Main Outcomes and Measures
The primary outcome was the level of depressive symptoms at each assessment time point measured with the Hospital Anxiety and Depression Scale and depression subscale at BC diagnosis and at 3 to 6, 12, and 36 months after the end of treatment. The group-based trajectory modeling was used to identify trajectory groups, and multinomial logistic regression models were used to characterize the following factors associated with trajectory group affiliation: demographic, socioeconomic, clinical, lifestyle, and quality-of-life data.
A total of 4803 women (mean [SD] age, 56.2 [11.2] years; 2441 patients [50.8%] with stage I BC) were included in the study. Six trajectory groups that described the heterogeneity in the expression of depressive symptoms were identified: noncases with no expression of symptoms (n = 2634 [54.8%]), intermediate worsening (1076 [22.4%]), intermediate improvement (480 [10.0%]), remission (261 [5.4%]), delayed occurrence (200 [4.2%]), and stable depression (152 [3.2%]). HADS-D scores at diagnosis were consistently associated with the 5 depressive trajectory group affiliations, with an estimated higher probability per point increase of experiencing subthreshold or clinically significant depressive symptoms between diagnosis and the 3 years after the end of BC treatment. The higher probabilities ranged from 1.49 (95% CI, 1.43-1.54) for the intermediate worsening group to 10.53 (95% CI, 8.84-12.55) for the stable depression group. Trajectory groups with depressive symptoms differed from the noncases group without symptoms by demographic and clinical factors, such as having dependent children, lower household income, cancer stage, family history of BC, previous psychiatric hospitalizations, obesity, smoking status, higher levels of fatigue, and depression at diagnosis.
Conclusions and Relevance
In this cohort study, nearly a third of patients with BC experienced temporary or lasting significant depressive symptoms during and after treatment. Improving early identification of women at risk of developing long-term or delayed depression is therefore critical to increase quality of life and overall survival. Subjected to validation, this study is an important first step toward personalized care of patients with BC at risk of depression.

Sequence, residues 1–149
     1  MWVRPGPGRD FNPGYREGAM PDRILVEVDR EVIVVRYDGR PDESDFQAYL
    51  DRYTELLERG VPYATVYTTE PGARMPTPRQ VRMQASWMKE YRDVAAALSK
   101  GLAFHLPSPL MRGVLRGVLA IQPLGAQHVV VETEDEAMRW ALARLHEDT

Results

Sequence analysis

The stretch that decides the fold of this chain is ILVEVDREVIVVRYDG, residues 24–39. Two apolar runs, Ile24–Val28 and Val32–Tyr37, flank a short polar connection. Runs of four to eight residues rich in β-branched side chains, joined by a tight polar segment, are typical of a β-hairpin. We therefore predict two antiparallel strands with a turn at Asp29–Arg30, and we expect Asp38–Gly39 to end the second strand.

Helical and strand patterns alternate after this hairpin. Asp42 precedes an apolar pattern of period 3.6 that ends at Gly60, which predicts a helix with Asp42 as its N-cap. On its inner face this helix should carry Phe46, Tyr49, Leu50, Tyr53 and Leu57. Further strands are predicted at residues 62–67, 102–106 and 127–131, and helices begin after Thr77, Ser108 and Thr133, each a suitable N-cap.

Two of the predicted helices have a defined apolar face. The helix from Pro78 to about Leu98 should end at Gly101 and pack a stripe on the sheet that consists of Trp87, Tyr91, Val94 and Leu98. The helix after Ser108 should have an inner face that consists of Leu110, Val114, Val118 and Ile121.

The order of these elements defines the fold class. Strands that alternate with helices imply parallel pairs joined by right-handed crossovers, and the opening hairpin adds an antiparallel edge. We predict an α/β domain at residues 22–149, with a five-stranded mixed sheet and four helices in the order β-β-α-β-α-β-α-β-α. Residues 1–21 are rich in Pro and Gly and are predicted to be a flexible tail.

Breast cancer (BC) is the most common cancer worldwide and accounts for nearly 12% of new cases of cancer every year.1 In high-income countries, improvement in BC overall survival has been attributed to earlier diagnosis and access to more effective treatments, and the 5-year overall survival rate is approximately 85%.2 However, cross-sectional studies have shown a 5-fold increase in the risk for depression in women with BC compared with healthy women, with a prevalence rate of major depression ranging from 10% to 25%.3,4 The first year following the diagnosis is a critical phase when patients with BC are most likely to develop depressive symptoms.5,6 Such symptoms are associated with impaired quality of life, lower treatment adherence, prolonged hospitalization, and increased suicide risk.7,8 In addition, previous studies have found that depression at BC diagnosis is associated with worse overall survival.9
The group-based trajectory modeling (GBTM) approach is more reflective of the heterogeneity of patients’ adjustment over time than conventional studies, which focus on sample mean value changes and therefore do not account for the differences in the severity and course of symptoms.10-12 Previous trajectory studies suggested that, although most women (50%-80%) displayed minimal to no depressive symptoms over time (noncases group), 1% to 10% experienced substantial and persistent depressive symptoms from diagnosis and more than 2 to 5 years thereafter without remission (chronic group). Another 5% to 10% developed depressive symptoms with a delay (delayed group), and 10% to 20% exhibited symptoms at diagnosis and then progressively recovered, with a clear decrease in intensity within the first year (recovery group).6,11,13-15 However, estimating adjustment remains difficult and depends on the differences in screening tools and diagnostic cutoffs, number and timing of measures, sample size, duration of follow-up, and statistical approaches.14,16